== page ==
New Perspectives about Social Control, Crime and Violence: For Another Possible World

Tuesday, 12 July 2016: 18:15
Location: Hörsaal BIG 1 (Main Building)
Oral Presentation
Jose Vicente TAVARES-DOS-SANTOS, Federal University of Rio Grande do Sul, Porto Alegre, Brazil
The changing world scene in the 21st century is marked by world social questions but they retain the distinctive mark of the particular societies where they originated. We see now an internationalism based in global social problems, such as violence, exclusion, gender discrimination, several forms of racism, poverty, environmental problems, the problems of famine. We observe that the transformations in the labour world due to technological changes have been followed by a precariousness in labour, unemployment and processes of social selection/exclusion.

The period of late modernity, from 1991 through the present, is the time of “liquid fear”. Changes are taking place in social institutions, such as the family, the school, the factory, religion, and the criminal justice system, and transforming processes of socialization, as we go through a process of crisis and failure of once reliable institutions.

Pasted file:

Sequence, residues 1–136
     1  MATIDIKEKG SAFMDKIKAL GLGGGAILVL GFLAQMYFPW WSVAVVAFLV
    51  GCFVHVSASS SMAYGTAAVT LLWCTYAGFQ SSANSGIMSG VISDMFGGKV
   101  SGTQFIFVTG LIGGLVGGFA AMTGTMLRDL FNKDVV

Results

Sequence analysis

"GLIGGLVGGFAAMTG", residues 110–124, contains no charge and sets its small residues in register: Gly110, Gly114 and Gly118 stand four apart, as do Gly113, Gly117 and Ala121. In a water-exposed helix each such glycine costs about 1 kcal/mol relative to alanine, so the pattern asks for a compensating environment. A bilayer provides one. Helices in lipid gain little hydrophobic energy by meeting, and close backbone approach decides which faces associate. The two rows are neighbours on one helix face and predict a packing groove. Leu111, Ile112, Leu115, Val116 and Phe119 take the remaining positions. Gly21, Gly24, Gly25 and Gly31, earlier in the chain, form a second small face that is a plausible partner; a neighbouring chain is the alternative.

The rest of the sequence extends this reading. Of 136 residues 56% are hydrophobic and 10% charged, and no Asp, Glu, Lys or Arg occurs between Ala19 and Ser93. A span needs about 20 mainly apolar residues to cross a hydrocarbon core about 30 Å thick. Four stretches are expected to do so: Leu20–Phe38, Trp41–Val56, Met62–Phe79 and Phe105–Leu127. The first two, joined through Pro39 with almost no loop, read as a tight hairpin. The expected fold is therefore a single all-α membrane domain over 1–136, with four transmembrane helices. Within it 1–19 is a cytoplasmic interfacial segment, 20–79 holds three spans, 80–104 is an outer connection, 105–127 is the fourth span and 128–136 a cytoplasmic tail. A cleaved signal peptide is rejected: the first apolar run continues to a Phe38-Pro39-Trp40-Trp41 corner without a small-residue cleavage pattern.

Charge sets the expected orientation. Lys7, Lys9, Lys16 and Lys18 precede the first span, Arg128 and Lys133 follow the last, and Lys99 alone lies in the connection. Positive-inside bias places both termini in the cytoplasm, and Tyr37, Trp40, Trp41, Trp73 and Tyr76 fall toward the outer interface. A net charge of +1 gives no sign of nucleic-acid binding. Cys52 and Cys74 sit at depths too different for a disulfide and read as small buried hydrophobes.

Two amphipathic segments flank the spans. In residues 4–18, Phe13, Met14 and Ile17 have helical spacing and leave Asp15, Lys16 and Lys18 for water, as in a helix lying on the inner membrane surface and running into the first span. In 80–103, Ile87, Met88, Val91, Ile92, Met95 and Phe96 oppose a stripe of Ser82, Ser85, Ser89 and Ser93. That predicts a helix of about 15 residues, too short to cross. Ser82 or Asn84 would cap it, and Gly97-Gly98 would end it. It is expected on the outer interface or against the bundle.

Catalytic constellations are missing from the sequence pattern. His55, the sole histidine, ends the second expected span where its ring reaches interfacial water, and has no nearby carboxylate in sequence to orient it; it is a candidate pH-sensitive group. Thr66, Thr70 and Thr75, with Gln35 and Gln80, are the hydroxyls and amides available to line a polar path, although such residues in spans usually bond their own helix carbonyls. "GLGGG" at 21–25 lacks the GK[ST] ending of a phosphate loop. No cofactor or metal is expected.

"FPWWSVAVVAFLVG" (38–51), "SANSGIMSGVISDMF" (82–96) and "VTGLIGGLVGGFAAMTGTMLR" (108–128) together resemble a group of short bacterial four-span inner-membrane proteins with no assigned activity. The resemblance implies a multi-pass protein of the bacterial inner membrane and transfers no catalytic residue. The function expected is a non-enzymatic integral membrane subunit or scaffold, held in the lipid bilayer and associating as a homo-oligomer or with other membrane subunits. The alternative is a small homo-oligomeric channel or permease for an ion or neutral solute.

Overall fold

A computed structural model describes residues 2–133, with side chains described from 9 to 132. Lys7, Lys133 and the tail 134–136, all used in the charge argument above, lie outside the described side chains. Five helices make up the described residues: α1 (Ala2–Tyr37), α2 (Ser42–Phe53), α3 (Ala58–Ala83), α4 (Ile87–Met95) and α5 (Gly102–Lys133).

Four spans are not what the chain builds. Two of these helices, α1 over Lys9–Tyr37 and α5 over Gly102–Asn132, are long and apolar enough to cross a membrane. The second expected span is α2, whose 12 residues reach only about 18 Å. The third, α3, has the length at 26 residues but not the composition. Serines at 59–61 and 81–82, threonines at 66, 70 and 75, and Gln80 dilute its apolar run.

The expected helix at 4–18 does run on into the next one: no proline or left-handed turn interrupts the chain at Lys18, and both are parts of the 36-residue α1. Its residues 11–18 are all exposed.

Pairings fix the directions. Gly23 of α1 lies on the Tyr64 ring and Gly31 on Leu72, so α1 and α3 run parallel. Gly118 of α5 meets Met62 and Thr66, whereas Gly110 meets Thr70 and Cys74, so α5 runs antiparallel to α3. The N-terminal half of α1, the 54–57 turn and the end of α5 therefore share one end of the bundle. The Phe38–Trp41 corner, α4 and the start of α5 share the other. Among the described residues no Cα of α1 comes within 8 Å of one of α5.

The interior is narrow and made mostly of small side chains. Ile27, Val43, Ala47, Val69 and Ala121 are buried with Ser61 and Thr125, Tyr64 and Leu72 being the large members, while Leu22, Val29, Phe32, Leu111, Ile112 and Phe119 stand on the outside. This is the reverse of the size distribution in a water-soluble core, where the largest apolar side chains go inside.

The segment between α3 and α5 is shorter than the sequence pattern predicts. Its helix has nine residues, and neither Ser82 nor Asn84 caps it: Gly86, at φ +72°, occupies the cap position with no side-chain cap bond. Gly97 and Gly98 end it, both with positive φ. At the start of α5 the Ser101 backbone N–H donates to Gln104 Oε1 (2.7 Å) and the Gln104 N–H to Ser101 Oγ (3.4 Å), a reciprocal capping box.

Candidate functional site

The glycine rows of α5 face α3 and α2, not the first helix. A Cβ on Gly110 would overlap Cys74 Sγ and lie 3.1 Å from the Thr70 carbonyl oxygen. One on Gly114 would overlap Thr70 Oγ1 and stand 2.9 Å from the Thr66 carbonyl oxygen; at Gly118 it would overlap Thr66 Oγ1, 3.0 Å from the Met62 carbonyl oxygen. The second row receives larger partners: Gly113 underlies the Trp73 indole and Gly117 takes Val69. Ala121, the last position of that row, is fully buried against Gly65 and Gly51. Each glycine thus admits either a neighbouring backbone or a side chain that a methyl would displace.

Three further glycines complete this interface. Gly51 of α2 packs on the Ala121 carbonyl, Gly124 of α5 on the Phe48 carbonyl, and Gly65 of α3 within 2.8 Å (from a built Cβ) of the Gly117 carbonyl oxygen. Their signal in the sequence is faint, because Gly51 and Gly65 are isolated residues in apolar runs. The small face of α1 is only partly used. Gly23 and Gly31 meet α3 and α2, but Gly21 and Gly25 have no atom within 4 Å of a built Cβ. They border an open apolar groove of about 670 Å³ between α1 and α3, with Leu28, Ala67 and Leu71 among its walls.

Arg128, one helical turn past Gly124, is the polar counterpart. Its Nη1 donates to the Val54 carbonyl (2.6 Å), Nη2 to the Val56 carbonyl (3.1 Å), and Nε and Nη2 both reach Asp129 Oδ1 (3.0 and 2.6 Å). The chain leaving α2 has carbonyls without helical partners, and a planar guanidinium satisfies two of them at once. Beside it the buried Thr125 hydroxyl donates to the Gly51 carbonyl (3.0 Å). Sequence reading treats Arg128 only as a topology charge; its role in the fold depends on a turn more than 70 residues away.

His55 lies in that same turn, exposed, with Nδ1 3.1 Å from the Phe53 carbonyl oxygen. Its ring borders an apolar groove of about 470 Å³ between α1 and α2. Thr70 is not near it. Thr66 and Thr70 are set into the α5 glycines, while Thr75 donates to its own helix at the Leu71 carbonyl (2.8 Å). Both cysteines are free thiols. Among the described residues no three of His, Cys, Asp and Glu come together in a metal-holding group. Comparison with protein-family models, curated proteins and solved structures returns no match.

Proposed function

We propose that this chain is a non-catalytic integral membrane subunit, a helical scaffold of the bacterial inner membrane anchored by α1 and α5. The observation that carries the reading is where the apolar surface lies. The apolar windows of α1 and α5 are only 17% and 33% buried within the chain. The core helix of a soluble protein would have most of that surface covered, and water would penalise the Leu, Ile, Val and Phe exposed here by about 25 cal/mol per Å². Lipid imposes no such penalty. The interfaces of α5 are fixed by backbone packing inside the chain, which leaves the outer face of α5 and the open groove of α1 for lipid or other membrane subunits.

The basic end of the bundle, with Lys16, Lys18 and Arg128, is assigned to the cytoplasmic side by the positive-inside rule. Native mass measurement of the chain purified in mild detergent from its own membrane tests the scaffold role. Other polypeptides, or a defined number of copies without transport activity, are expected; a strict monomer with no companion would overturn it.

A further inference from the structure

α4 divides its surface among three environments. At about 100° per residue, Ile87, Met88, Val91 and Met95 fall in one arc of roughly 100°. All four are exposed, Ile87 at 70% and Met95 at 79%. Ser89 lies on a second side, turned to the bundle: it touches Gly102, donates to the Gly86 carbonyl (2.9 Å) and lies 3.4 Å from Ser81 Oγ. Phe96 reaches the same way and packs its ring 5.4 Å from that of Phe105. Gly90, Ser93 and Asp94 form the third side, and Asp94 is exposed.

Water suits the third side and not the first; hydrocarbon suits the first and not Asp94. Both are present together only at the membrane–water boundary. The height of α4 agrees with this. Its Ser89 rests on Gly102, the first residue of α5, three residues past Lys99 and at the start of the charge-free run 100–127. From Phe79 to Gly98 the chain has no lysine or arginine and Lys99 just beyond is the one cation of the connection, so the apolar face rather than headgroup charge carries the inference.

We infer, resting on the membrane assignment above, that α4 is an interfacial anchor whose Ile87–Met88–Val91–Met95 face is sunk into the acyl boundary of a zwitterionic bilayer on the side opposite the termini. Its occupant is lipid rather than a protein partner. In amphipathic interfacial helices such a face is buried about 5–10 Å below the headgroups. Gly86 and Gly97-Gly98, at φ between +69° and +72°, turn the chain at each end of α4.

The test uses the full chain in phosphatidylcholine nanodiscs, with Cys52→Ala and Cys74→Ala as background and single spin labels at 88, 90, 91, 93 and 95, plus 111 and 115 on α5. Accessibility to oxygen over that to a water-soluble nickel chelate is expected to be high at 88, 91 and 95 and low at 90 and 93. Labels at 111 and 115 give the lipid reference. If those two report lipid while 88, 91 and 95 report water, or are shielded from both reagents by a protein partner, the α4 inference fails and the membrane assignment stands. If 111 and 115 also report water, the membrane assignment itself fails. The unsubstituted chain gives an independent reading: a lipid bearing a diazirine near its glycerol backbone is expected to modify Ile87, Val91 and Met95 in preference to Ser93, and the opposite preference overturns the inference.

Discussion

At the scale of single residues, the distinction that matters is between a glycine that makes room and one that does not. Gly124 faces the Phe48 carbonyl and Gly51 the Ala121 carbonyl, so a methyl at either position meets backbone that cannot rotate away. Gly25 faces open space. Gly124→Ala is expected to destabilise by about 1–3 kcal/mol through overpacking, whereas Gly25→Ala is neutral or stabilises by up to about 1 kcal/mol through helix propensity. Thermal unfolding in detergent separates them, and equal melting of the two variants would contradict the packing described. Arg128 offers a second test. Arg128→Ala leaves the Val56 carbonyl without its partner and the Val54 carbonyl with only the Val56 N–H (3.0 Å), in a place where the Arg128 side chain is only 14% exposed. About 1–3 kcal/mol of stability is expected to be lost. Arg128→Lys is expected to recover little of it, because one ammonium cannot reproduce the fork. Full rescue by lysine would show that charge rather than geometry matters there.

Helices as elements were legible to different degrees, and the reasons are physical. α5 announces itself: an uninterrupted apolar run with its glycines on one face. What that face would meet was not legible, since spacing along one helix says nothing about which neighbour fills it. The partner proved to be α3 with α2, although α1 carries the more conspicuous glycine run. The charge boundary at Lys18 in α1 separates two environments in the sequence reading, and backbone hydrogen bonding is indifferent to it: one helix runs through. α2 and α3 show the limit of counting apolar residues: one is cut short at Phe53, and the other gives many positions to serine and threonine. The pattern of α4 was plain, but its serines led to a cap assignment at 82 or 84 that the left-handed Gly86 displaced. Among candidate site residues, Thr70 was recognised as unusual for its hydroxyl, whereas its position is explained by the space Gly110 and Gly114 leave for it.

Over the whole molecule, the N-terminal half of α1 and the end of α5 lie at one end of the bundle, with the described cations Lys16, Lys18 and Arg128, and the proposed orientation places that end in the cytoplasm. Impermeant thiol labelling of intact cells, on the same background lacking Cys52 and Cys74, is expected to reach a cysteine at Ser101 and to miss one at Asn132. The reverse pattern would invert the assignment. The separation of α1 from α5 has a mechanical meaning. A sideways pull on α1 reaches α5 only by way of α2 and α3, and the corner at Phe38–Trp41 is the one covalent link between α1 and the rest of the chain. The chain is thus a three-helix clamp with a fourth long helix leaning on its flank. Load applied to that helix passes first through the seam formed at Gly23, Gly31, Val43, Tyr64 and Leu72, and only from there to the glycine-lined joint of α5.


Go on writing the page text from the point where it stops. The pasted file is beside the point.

Late modern societies also produce transformations in crime and in forms of violence. The phenomenon of diffuse violence takes on a new form and spreads throughout society. The multiple forms of diffuse violence in contemporary societies, such as violent crime, social exclusion, gender violence, acts of racism, and school violence, is expressed in a microphysics of violence. Crime itself has changed in late modernity: we are in a civilizational malaise which has led contemporary society to an obsessive preoccupation with individualism and personal safety.

Theories about crime and violence in modernity have a long history. Since the 18th century we note four important periods. The first period, the Formation of Modern Society, Crime and Violence, stretched from the XVIII  to the late XIX century. The second period termed the Age of Extremes: From Crime to State Violence, the third period: the Epistemological Crisis of the Twentieth Century, the fourth period: the Late Modernity Theories of Crime and the Microphysics of Violence.